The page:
Simone Haigh from Wetland Care Australia braved pouring rain to take a group of 40 down to Angourie’s rocky shoreline yesterday, celebrating World Wetlands Day.
Simone Haigh from Wetland Care Australia braved pouring rain to take a group of 40 down to Angourie’s rocky shoreline yesterday, celebrating World Wetlands Day.

World Wetlands Day at Angourie

IF you wondered what a group of people were looking for on the rocks at Angourie yesterday afternoon, the answer is they were studying one of nature’s most delicate and interesting ecosystems, that of the rocky shoreline.

To celebrate World Wetlands Day, natural resource management graduate Simone Haigh took a group of marine enthusiasts to the rocks to share her knowledge of rocky shorelines and the importance of protecting this very accessible marine environment.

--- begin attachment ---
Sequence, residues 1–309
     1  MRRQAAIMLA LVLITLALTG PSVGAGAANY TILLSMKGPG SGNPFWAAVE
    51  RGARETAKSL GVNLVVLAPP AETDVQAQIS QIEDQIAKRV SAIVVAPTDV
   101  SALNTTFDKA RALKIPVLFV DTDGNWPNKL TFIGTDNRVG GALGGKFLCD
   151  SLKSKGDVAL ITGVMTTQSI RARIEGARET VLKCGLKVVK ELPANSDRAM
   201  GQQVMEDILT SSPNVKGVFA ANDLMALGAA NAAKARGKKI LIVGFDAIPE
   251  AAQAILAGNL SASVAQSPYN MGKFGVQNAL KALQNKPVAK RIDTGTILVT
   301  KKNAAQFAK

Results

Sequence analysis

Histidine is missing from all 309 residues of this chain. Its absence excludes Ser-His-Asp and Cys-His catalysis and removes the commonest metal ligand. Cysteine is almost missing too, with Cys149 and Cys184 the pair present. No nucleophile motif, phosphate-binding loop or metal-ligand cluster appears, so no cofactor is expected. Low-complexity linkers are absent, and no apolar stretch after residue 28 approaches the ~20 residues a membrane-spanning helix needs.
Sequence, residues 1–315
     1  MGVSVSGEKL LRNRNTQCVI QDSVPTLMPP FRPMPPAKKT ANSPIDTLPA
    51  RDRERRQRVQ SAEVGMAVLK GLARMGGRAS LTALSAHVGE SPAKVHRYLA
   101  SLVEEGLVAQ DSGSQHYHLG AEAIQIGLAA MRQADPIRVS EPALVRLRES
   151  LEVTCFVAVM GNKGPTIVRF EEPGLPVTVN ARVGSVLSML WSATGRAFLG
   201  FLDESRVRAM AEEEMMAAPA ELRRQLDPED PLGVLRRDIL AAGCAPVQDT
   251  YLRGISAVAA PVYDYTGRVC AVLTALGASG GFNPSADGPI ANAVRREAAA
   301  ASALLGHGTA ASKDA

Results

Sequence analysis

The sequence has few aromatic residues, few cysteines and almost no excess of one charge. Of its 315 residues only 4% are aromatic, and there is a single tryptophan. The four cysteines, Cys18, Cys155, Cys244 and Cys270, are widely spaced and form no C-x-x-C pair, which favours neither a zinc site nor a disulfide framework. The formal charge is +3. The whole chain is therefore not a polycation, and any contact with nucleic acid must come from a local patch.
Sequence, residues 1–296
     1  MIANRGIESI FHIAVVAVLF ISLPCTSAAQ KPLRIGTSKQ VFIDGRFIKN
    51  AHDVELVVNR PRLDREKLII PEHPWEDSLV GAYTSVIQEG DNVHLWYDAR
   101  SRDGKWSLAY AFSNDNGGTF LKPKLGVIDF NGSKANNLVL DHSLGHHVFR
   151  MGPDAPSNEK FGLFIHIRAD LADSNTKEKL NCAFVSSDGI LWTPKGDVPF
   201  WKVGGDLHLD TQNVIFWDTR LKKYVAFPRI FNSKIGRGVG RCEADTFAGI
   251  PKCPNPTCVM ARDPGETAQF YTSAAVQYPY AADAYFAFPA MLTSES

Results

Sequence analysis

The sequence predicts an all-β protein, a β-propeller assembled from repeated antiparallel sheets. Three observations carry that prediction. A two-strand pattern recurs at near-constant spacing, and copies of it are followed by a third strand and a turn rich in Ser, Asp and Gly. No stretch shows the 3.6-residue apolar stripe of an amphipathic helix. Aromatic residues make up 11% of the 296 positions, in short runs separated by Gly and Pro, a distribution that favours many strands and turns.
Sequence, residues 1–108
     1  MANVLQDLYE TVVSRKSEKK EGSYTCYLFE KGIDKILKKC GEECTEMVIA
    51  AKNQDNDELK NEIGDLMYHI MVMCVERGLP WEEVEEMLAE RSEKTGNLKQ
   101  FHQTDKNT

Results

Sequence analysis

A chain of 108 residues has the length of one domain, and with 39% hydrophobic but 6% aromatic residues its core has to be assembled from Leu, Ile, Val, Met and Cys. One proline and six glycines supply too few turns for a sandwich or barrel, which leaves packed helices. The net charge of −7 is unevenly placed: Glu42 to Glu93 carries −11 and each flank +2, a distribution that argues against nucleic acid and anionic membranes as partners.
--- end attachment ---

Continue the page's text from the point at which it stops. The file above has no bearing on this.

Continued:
“They are an important part of the oceanic marine food web, providing a lot of food for commercial and recreational fish in the form of invertebrates,” Ms Haigh said.

“Rocky shorelines protect against erosion and storm surges and are able to cope with increases in salinity and temperatures and fresh water inundation from heavy rain.

“They are a very difficult place to live.”

Ms Haigh said the biggest challenges affecting our rocky shorelines were pollution from land run-off, litter – especially fishing equipment, trampling from crowds, over-collection of species and the potential effects of climate change.



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